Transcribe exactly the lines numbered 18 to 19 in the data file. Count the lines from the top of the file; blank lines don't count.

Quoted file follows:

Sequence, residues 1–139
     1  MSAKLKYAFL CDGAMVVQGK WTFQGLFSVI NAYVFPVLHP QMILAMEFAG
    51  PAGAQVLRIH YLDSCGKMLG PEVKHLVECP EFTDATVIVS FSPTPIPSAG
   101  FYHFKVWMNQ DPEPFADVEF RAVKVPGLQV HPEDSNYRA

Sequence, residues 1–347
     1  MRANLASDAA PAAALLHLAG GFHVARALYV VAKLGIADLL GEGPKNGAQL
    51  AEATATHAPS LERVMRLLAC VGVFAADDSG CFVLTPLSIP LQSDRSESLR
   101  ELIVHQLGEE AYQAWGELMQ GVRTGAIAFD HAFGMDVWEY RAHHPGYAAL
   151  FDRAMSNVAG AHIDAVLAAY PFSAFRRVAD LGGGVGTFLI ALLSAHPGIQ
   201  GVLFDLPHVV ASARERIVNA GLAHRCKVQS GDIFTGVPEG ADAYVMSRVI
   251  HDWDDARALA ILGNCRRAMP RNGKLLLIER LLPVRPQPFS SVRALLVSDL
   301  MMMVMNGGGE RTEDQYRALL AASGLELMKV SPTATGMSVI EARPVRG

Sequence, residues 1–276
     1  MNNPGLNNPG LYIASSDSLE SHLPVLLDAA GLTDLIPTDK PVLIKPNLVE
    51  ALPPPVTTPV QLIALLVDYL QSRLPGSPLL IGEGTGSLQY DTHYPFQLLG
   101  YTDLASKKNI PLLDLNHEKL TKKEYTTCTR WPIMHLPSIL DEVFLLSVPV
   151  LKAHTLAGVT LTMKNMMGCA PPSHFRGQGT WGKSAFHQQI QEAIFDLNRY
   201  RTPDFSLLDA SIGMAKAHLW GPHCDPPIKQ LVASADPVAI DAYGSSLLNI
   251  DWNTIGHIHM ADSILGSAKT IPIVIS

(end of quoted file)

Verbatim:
   201  RTPDFSLLDA SIGMAKAHLW GPHCDPPIKQ LVASADPVAI DAYGSSLLNI
   251  DWNTIGHIHM ADSILGSAKT IPIVIS